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Herbert W. Armstrong

Herbert W. Armstrong was recognized and respected by world leaders as an ambassador of peace. Until his death, he was pastor general of the Worldwide Church of God and editor in chief of the Plain Truth magazine. He was founder and chairman of the Ambassador International Cultural Foundation, known for its cultural, charitable and humanitarian activities, and in 1947, he founded Ambassador College in Pasadena, California.

Armstrong exposed the real causes of—and solutions to—the problems facing human civilization through his internationally broadcast messages to the public and personal meetings with kings, presidents, prime ministers, ambassadors and other leaders of government.

“Mr. Armstrong contributed to sharing the word of the Lord with his community and with people throughout the nation. You can take pride in his legacy.”

— U.S. President Ronald Reagan


Mr. Armstrong is greeted by U.S. First Lady Nancy Reagan at the White House.

During the last 20 years of his life, Armstrong discussed domestic and world problems with dozens of heads of state and other leading officials in government, education and industry. In his meetings, Armstrong spoke about the causes of and ultimate solution to the problems threatening humanity.

“Peace is coming,” he wrote, “in spite of 6,000 years of human suffering. In spite of world leaders’ inability to achieve peace. The lessons of history have been written in pain, anguish, failures, frustrations, and human blood and death. Experience has been a costly teacher—but mankind has not learned that lesson.”


Mr. Armstrong worked passionately to assist peaceful relations between Israel and Egypt. With President Sadat about a year before his assassination.

Armstrong discussed his way of life with the leaders he met: the way of unselfish, outgoing concern that leads to peace, happiness and an abundant life. This way of life has been taught and put into living practice at Herbert W. Armstrong College, and the Armstrong International Cultural Foundation’s cultural and educational projects also reflect this philosophy of giving and service to others.

A Friend of Jerusalem

Children cluster around Mr. Armstrong in Jerusalem's Liberty Bell Park, which he helped build at Mayor Teddy Kollek's request.

Armstrong first visited Israel in the summer of 1956, taking pictures of various biblical sites for Plain Truth magazine. In 1968, Israel’s preeminent archaeologist and former president of the Hebrew University of Jerusalem, professor Benjamin Mazar, undertook one of the most important digs in Israeli history: excavating the southern wall of the Temple Mount. Professor Mazar offered 50/50 joint participation in the project to Ambassador College at a private luncheon in the Knesset, where Minister of Tourism Moshe Kol proposed they “build an iron bridge that can never be broken.” The next day, at an official ceremony in the presidential palace, Armstrong accepted. The partnership lasted nearly two decades.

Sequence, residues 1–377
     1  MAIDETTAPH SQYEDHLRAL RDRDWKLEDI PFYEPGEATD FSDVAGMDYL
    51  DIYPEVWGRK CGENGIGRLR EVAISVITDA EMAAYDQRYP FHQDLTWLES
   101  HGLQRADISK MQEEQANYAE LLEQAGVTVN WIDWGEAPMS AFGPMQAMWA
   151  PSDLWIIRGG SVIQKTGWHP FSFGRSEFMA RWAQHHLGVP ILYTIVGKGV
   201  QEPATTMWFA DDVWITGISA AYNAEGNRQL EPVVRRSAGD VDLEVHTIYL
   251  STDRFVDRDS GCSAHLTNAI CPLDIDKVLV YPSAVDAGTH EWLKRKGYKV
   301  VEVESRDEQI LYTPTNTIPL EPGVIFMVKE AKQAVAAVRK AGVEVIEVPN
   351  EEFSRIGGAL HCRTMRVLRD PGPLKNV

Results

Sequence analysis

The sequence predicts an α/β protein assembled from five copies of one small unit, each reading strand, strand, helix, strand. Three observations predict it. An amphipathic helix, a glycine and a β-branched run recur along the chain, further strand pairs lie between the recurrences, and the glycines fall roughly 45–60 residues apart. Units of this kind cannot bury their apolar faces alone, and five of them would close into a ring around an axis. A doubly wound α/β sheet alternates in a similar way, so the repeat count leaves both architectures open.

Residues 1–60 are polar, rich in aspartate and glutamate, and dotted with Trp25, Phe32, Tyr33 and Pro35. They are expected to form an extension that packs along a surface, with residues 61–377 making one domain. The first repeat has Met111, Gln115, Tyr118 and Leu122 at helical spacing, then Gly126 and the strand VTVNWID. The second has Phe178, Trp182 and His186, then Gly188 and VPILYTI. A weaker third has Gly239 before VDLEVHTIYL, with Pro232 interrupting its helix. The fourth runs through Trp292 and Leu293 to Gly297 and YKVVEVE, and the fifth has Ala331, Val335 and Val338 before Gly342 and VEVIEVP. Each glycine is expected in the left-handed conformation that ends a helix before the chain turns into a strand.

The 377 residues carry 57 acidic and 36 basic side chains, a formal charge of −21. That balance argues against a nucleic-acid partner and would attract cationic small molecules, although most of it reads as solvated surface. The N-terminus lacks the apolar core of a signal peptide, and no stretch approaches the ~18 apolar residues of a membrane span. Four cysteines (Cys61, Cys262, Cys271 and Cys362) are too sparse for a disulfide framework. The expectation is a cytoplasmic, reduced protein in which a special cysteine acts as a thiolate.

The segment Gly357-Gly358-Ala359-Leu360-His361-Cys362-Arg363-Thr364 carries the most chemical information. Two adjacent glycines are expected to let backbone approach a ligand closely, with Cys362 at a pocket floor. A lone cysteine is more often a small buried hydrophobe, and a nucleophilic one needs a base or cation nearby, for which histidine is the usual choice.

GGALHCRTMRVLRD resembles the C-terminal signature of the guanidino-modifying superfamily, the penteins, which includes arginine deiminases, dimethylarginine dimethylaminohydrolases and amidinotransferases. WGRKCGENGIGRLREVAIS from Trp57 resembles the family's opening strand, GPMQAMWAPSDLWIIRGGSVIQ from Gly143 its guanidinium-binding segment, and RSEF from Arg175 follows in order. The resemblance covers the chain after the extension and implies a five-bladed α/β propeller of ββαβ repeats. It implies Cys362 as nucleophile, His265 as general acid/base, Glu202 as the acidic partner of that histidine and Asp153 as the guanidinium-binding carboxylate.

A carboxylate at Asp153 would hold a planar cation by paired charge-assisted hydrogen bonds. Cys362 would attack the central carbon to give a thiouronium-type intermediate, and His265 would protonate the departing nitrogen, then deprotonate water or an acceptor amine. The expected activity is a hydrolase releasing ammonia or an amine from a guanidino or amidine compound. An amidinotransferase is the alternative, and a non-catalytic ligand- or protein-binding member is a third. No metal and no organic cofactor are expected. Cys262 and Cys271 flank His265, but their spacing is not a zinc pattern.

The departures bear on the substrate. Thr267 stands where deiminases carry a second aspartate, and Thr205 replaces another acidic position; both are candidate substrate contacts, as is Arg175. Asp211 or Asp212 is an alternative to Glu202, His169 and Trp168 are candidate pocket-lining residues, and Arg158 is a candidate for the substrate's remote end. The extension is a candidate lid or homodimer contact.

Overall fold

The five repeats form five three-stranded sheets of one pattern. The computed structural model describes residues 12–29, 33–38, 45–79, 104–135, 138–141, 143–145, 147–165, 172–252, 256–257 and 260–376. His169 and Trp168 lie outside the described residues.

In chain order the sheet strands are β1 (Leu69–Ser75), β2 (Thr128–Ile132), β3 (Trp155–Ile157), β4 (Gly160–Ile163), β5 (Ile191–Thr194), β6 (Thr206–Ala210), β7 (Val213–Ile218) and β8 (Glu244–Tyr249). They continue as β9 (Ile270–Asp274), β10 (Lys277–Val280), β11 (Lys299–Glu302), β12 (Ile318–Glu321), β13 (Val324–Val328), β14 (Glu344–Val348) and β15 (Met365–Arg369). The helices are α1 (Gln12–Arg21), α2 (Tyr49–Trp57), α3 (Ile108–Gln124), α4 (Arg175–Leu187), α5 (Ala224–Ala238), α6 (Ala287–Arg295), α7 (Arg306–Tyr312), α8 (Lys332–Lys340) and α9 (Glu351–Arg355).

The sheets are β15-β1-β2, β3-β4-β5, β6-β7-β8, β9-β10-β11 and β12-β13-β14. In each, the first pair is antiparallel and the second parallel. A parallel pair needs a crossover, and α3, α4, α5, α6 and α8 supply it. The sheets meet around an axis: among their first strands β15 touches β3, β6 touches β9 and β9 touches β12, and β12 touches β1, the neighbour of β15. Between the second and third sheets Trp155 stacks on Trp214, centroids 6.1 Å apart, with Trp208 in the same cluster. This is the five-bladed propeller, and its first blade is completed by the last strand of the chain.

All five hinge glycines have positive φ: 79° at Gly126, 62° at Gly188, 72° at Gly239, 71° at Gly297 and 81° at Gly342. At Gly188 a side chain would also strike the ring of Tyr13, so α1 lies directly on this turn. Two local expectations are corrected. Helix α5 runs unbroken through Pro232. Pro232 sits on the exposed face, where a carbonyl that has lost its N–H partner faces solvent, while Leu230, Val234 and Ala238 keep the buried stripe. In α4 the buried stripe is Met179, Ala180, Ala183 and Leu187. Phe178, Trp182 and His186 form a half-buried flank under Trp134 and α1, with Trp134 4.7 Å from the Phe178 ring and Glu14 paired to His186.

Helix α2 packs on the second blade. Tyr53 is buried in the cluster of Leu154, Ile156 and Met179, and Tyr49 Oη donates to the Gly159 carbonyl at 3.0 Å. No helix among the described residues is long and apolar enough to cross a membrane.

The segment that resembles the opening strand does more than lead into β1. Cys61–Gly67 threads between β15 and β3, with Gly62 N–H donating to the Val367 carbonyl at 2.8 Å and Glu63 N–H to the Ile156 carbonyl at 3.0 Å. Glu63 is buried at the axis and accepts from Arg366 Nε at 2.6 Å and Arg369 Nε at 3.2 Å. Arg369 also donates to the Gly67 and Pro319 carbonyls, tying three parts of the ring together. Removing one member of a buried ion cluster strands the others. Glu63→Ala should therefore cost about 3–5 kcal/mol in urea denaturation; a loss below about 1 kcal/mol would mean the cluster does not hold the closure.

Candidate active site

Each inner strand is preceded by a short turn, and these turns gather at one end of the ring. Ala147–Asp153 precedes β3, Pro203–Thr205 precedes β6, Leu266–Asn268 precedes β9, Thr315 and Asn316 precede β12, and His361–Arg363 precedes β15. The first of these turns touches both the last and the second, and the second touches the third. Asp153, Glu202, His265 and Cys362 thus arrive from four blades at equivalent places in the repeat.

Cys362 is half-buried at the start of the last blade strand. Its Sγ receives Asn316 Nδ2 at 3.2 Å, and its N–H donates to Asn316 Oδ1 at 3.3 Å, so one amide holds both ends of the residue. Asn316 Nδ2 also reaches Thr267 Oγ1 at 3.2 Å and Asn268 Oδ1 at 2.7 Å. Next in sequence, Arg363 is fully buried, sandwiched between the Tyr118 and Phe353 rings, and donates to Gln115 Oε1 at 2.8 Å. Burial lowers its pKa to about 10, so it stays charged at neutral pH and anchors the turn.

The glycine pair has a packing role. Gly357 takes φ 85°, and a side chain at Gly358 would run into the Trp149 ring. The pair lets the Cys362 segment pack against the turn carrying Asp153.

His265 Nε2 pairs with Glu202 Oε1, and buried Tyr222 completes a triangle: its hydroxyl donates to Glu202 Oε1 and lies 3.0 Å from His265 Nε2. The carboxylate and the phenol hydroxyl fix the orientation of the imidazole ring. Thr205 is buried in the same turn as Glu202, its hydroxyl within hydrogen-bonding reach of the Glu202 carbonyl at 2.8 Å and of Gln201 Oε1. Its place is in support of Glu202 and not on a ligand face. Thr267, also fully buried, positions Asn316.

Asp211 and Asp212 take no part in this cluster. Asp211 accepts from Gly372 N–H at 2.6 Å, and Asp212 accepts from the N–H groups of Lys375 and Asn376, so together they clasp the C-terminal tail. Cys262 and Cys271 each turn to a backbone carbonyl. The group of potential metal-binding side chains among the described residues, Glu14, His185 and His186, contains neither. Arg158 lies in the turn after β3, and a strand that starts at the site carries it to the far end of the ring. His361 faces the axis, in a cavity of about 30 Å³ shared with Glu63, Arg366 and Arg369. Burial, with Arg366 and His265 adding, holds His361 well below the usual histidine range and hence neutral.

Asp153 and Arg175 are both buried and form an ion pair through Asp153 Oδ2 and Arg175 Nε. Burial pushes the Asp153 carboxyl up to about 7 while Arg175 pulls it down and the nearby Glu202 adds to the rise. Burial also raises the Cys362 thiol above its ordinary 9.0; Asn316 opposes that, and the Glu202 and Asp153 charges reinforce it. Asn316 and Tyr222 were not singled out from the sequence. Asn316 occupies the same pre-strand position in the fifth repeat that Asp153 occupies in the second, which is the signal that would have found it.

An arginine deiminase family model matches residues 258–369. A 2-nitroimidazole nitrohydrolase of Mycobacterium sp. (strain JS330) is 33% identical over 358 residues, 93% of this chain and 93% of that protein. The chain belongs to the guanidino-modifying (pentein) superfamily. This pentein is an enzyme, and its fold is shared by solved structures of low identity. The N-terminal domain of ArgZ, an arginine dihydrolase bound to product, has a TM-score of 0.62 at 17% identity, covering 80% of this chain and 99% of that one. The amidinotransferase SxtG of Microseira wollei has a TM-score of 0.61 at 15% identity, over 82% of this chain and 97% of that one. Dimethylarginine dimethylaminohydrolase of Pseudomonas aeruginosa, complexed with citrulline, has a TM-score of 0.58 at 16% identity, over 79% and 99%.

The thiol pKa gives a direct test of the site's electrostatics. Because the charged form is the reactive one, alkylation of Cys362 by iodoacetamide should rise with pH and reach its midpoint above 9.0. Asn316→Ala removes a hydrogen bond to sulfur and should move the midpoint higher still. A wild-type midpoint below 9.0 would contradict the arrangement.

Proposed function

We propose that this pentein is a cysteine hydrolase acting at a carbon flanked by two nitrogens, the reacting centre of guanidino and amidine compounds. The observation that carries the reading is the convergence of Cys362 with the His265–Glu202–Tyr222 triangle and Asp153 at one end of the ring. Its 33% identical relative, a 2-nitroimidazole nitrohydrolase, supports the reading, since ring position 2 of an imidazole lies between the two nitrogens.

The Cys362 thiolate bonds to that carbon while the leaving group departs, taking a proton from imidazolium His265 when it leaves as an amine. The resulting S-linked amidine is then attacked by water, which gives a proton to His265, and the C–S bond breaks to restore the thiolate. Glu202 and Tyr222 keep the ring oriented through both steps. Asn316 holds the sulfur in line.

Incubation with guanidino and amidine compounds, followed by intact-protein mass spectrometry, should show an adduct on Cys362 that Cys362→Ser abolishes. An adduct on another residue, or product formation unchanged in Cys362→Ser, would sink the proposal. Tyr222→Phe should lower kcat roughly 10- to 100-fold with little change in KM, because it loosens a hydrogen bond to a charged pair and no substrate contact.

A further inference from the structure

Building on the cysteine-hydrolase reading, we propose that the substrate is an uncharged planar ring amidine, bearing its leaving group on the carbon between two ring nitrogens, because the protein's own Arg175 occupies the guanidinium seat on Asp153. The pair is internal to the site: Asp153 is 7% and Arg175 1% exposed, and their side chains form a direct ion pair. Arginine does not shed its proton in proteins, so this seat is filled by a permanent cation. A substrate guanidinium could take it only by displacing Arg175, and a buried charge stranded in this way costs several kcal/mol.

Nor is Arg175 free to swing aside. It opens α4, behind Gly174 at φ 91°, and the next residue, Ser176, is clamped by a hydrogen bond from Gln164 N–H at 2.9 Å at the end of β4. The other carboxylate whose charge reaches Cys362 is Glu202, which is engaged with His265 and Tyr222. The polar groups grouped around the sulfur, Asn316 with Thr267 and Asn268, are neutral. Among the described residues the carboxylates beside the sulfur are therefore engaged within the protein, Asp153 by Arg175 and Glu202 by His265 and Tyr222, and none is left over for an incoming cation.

Mr. Armstrong visits the archaeological site with Professor Mazar (right) early in their long partnership.

Excavations in Jerusalem under the joint participation of the Hebrew University of Jerusalem and Ambassador College were completed in 1985. Dr. Eilat Mazar, Benjamin Mazar’s granddaughter, resumed excavations at the Temple Mount in 1986, focusing on the First Temple period at the eastern part of the site. She continued her grandfather’s legacy throughout the 1990s.

Professor Mazar presents a gift to Herbert W. Armstrong at an honorary dinner hosted by the Japanese Ambassador to Israel in 1974.

Passing the Baton

When Herbert Armstrong died in 1986, those to whom he entrusted Ambassador College and the Worldwide Church of God (WCG) rejected his legacy. The college closed in 1995, and the campuses were eventually sold. All of the Ambassador International Cultural Foundation’s humanitarian and cultural activities ceased.

Gerald Flurry and Dr. Eilat Mazar meet over dinner in Jerusalem.

The Philadelphia Church of God broke away from the WCG in 1989 to keep Armstrong’s legacy and work alive. In 1996, his loyal supporters founded the Philadelphia Foundation (later changed to Armstrong International Cultural Foundation) to carry on his humanitarian work. In 2001, they founded Herbert W. Armstrong College in Edmond, Oklahoma—a liberal arts college patterned after Ambassador College.

In 2006, when news came that Dr. Eilat Mazar had uncovered King David’s palace, Armstrong College officials offered to renew the partnership—and the symbolic baton passed to a new generation.


Top photo: Loma D. and Herbert W. Armstrong, circa 1960.